Third In Five-Week Series on “The Problem Of Evil and Suffering”
When the chips are down, there’s really only one Person on whom you can depend.
How do you trust in Someone you’ve neverseen? And, how do you retain hope and continue to have peace-of-mind when everything’s falling apart and those who said they were friends are nowhere around?
Those are the questions with which Job grappled during his excruciating time of suffering. And, they are questions we still grapple with—especially during the time we’re going through our “dark night of the soul.”
Yet, this week we want to look at Job’s three “friends” and why he ended up calling them “forgers of lies, physicians of no value and miserable comforters” (13:4; 16:2). In essence, he was saying what we oftenhear/say: “With friends like them, who needs enemies???”
After Job lost everything and broke out in painful boils, his embittered wife cried “Do you still retain your integrity—i.e., continue clinging to your faith? Curse God and die!” (2:9).
What an encourager! Yet, she was speaking out of her own hurt and grief, revealing that she’d likely already written off God in her own heart.
But, then, here come Job’s three “friends:” Eliphaz, Bildad and Zophar (2:11a). Interestingly, it says “they had madean appointment together to come to mourn with him and to comfort him”(2:11b). And, at the appointed time they showed up. . . “lifted up their voice and wept. . .and everyone of them tore their garments and sprinkled dust upon their heads (as a sign of their great grief). . .and sat down with him upon the earth for seven days and night, not even speaking a word to him—for they saw that his grief was very great 2:12-13).
Why, then, later on would he describe them in such derogatory ways?
Simply because they started accusing him of harboring some secret sin and encouraging him to “come clean” with God and them. Remember: Their theology was basically the same as Job’s, which said “If you do good, you get blessed; if you do bad, you get whacked.”
So, they were simply speaking in accordance to their beliefs, thinking they were speaking for God, when, in reality, they weren’t (42:7).
Oh, dear Pilgrim, how often this still happens today! Many there are who judge those around them and piously point out their faults in a critical, callused way. Instead of trying to help “bear their burdens and fulfill the Law of Christ” (Gal. 6:2)—which is the “Law of Love”—they accused and basically condemned Job in his suffering. . .over and over again.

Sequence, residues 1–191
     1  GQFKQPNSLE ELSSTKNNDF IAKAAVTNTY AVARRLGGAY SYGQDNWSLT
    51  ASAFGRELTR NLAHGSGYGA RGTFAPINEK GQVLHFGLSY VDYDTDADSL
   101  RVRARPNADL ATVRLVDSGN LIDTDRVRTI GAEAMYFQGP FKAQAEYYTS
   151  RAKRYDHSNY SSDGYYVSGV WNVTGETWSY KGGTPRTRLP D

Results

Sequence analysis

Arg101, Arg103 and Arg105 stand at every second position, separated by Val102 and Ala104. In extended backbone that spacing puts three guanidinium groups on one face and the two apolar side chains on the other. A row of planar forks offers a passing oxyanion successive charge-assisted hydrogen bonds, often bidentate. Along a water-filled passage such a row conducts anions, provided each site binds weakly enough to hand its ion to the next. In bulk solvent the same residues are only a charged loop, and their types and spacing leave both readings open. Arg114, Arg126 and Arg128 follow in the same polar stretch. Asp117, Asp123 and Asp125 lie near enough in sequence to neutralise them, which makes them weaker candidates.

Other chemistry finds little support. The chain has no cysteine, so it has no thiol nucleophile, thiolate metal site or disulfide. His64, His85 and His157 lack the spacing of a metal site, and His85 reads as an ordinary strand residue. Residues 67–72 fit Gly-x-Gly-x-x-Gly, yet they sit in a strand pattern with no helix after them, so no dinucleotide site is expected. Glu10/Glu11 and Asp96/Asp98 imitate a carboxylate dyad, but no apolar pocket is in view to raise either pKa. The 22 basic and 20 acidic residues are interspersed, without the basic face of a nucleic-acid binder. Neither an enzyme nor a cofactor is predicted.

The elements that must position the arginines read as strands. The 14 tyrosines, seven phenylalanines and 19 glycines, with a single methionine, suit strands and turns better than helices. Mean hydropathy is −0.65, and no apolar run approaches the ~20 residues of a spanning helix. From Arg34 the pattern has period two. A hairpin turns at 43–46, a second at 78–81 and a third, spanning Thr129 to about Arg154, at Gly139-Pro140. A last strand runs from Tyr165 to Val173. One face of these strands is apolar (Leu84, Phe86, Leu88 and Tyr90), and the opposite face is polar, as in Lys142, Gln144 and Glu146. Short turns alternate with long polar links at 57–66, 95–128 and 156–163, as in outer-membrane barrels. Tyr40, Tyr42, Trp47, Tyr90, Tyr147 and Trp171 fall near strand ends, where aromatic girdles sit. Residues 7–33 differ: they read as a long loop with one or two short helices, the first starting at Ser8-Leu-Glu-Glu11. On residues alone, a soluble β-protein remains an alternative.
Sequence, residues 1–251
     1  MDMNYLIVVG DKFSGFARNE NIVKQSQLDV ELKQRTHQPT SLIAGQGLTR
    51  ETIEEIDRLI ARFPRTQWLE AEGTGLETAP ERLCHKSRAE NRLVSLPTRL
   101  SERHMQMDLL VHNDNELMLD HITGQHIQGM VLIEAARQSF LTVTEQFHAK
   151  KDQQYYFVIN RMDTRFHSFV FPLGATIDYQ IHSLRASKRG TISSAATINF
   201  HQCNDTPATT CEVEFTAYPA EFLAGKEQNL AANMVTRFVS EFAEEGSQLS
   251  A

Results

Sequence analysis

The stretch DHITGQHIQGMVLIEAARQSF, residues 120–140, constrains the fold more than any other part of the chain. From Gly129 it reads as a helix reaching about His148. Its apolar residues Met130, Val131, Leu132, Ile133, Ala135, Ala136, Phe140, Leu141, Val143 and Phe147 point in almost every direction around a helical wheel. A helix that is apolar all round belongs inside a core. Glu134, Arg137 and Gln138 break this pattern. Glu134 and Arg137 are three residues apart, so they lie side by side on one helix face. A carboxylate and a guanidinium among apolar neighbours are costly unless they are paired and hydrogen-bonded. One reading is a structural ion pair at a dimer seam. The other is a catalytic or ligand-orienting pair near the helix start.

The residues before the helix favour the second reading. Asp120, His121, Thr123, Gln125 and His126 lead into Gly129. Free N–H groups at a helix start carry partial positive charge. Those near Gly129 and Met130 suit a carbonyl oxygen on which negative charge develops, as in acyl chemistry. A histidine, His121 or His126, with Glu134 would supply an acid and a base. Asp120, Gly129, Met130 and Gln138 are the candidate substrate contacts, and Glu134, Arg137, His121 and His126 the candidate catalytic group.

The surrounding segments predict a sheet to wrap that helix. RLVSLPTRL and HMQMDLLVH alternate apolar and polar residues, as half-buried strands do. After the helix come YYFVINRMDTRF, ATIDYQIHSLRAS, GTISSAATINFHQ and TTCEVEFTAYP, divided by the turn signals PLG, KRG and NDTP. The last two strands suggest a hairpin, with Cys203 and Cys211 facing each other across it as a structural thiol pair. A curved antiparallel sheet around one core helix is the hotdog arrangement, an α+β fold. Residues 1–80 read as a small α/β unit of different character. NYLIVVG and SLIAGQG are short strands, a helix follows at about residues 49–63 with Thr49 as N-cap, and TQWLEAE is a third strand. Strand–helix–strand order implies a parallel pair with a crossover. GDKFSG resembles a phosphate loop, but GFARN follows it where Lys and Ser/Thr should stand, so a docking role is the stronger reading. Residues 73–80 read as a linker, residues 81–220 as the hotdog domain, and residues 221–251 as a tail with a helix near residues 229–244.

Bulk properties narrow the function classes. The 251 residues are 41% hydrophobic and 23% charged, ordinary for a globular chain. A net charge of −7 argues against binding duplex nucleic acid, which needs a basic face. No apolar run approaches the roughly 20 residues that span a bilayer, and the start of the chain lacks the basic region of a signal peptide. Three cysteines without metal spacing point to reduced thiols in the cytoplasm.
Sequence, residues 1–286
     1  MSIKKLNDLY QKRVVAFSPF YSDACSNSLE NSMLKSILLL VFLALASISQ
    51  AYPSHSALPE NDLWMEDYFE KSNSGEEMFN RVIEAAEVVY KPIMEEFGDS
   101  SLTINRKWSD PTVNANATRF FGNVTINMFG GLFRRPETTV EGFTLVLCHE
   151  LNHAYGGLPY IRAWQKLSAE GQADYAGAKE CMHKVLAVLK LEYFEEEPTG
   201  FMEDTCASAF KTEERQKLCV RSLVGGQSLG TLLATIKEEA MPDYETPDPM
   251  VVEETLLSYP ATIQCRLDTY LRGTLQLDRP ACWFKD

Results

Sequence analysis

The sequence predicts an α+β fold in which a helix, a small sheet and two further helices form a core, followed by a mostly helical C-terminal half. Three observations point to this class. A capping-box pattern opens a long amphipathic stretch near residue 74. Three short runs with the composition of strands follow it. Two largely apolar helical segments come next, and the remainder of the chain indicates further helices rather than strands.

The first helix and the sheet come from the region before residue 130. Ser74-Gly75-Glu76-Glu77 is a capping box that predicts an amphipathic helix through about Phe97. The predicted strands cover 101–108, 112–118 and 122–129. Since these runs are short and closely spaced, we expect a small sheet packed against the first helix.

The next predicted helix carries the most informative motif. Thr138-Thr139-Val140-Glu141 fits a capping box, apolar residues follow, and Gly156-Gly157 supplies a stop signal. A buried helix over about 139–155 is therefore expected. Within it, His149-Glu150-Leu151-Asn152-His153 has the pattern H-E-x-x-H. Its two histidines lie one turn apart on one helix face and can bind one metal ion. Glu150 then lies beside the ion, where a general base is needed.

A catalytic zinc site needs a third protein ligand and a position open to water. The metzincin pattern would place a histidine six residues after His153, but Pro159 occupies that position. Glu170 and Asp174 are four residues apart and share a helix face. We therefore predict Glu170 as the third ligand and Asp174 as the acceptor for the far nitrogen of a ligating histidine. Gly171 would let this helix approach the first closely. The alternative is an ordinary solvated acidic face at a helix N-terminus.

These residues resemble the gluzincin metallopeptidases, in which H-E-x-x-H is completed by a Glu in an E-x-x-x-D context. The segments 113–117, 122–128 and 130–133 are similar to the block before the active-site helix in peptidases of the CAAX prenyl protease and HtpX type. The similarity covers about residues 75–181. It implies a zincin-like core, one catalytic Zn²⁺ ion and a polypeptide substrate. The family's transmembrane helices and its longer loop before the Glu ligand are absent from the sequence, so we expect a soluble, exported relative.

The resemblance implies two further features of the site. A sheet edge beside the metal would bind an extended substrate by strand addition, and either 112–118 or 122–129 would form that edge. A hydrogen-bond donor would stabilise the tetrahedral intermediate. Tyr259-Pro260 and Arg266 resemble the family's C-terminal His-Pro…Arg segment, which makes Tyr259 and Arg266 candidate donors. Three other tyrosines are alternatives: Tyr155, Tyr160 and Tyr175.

No wonder he called them “liars,worthless doctors and miserable comforters.” We would have to!
Yet, their tribe is still alive andwell. They’re the ones who come to us and with stained-glass voices say “Now, now, dear friend, It’s all a part of God’s Plan. If you’ll simply have enough faith, you’ll be healed!”
Makes wanting to slap them upside the head a part of God’s Plan, doesn’t it??
It’s easy to be condescending toward others when everything’s going good for us. Pride expresses itself in a lot of ways and how we need to “bridle our tongues” (James 3:2) when others are having a rough time—particularly if we’re spouting out Scriptures left-and- right—for so often that does little to comfort them; in fact, it’s like throwing a concrete block to a drowning man.
Much better is simply going to them. ..sitting quietly with them. . .occasionally reminding them of Christ’s Presence with them. . .and then mowing their grass, washing their dishes, sweep their floor, take out their garbage, etc., while they wait in that hospital room or ICU waiting room.
There’s no doubt Job’s agony of soul and anguish of mind were increased by his three “friends” insinuations and accusations. And, there’s no doubt Job’s defense of himself was rooted in self-righteous justification rather than God’s vindication (32:1-2).
But, later on, the Lord said “Job did speak Truth on My behalf even though he didn’t understand why he was suffering so” (42:7c). Here’s hoping He can say the same of us in our dealings with others by our being quick to intercede and slow to criticize.
(NOTE: If you’d like to contact Bro. Tom or receive his daily e-mail devotional, entitled “Morning Manna,” you can write him at P.O. Box 582, Coushatta, LA 71019 or e-mail him at email@example.com).